The Marine base of Schleswig-Jagel where this event took place was originally a Luftwaffe airfield, operated by the British military during the Berlin Airlift and until the early Sixties, and later handed over to the Federal Republic of Germany. It is still today an active airbase. There is no public access except on special occasions.

Warbirds in Texas

The immense state of Texas is in the foreground of the panorama of historical aviation, thanks especially to the CAF – the Commemorative Air Force (website here) – which maintains and operates some of the Nation’s finest airworthy warbirds. This privately financed, non-profit organization feeds the programs of many airshows everywhere in the US, and carries out an invaluable function in preserving the legacy of many aircraft designers, manufacturers and military servicemen especially from WWII and early Cold War years.

The birth of the CAF in Texas is not just by chance. The Lone Star State bolsters an extremely long and rich tradition in aviation. Training airfields were established in Texas earlier and in a number greater than any other State during WWI. Fort Worth was the birthplace of one of todays few surviving major airlines in the US – American Airlines – back in the early 1930s.

Aircraft manufacturers associated with Texas include Consolidated – most of the iconic WWII B-24 Liberator bombers  were manufactured in Fort Worth – and North American. Consolidated later merged into Convair, owned by General Dynamics since the Fifties. Many aircraft of the Cold War era were actually manufactured in Fort Worth, including the record-breaking B-36 Peacemaker and B-58 Hustler, or the highly successful F-16 Fighting Falcon, still in service today in many air forces of the world, as well as a good deal of other types. As of today, Lockheed Martin and Bell Helicopters are both headquartered in Fort Worth.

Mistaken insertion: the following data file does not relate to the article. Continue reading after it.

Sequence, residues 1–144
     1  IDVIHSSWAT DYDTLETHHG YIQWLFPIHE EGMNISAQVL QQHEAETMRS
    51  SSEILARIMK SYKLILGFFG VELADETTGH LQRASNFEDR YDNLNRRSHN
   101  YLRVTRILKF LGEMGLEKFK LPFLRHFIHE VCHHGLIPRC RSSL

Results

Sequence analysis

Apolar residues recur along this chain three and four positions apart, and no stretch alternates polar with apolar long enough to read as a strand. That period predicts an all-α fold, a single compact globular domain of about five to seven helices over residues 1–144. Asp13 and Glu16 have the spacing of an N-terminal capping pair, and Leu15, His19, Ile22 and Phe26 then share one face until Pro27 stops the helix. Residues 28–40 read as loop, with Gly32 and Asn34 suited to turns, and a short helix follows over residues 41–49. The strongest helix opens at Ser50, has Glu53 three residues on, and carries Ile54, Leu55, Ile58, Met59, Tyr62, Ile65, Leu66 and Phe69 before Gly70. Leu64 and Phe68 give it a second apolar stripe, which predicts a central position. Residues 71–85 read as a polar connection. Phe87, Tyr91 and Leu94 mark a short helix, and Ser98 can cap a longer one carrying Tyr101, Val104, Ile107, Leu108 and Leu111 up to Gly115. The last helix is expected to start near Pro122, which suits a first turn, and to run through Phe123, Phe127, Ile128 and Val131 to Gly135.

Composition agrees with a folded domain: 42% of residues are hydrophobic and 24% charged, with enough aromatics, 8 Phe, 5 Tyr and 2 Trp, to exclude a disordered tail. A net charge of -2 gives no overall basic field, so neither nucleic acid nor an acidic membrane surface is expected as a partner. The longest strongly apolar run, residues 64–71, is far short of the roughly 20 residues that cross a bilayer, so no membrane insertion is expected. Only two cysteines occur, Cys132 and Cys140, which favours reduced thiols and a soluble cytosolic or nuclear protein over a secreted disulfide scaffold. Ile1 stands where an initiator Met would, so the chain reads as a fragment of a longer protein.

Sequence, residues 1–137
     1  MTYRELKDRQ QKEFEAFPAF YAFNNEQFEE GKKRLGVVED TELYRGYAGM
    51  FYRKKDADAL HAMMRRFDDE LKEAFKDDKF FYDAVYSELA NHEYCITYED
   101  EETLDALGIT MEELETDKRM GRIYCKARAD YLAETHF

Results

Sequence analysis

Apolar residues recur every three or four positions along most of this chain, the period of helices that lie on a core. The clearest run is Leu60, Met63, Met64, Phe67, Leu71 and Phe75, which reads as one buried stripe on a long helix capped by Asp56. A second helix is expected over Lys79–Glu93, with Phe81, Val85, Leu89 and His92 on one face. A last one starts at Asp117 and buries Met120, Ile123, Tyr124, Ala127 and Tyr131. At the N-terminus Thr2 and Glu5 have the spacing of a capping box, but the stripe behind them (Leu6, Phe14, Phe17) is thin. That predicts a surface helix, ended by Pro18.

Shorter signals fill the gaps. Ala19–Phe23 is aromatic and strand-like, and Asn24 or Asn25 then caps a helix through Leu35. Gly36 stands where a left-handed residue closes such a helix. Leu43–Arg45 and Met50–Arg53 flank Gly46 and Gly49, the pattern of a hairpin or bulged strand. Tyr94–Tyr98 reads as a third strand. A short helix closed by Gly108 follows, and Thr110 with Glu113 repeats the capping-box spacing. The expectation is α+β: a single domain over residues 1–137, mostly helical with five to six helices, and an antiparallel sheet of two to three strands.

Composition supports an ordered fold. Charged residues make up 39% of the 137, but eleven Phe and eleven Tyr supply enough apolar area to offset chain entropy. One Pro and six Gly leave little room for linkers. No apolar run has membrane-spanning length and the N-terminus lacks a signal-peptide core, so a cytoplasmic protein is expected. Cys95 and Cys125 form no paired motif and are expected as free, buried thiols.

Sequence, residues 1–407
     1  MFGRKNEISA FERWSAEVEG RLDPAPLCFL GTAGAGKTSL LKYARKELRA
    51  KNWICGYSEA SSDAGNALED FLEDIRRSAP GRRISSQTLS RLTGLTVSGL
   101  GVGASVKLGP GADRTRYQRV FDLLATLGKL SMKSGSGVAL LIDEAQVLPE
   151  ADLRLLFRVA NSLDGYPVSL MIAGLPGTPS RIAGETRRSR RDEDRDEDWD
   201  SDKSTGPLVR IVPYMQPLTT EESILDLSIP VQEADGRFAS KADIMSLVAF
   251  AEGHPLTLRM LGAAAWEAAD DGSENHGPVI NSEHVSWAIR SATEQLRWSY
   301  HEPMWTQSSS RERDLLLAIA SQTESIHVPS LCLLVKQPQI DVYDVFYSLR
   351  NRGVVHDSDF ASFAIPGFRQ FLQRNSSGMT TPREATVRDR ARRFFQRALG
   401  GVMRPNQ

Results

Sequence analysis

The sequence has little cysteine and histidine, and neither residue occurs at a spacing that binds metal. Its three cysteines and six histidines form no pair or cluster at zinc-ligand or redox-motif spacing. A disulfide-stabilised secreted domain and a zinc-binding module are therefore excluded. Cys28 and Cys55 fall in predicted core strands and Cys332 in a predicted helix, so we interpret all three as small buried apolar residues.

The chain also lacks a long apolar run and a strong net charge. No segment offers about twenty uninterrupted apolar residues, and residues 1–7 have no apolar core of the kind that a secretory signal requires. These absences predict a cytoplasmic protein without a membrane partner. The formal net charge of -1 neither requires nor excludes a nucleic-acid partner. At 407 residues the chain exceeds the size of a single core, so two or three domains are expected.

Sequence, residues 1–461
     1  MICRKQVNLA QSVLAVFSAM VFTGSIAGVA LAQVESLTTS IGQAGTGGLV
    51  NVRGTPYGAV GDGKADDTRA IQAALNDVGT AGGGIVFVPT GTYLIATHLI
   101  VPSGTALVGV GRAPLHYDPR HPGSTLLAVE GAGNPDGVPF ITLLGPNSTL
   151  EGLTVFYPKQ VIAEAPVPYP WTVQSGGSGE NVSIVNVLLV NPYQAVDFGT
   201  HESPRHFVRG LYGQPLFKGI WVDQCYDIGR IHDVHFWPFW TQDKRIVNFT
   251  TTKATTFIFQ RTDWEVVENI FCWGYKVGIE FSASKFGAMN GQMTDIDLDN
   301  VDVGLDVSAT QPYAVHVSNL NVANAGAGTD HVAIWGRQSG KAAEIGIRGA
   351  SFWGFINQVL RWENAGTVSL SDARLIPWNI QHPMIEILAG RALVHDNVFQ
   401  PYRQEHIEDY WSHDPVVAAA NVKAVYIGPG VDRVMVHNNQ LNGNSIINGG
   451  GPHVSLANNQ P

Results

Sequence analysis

Needless to recall, Houston has been one of the major focal points of world astronautics since the beginning of the space age.

In such a cultural setting, and considering the general financial wealth and the abundance of oil typical of Texas, it is not surprising that warbirds, even though fuel-thirsty and expensive to maintain, are present here in an exceptional concentration. Where possible, they are maintained in airworthy conditions, otherwise they are kept in great consideration in world-class air museums.

This post covers only four rich collections out of the many you can find in Texas. Two of them are ‘airworthy collections’, whereas in the other two warbirds are preserved for static display. Considered together, these four sites are probably already a good reason for an aviation-themed trip to Texas!

Photographs are from an extremely hot August 2018.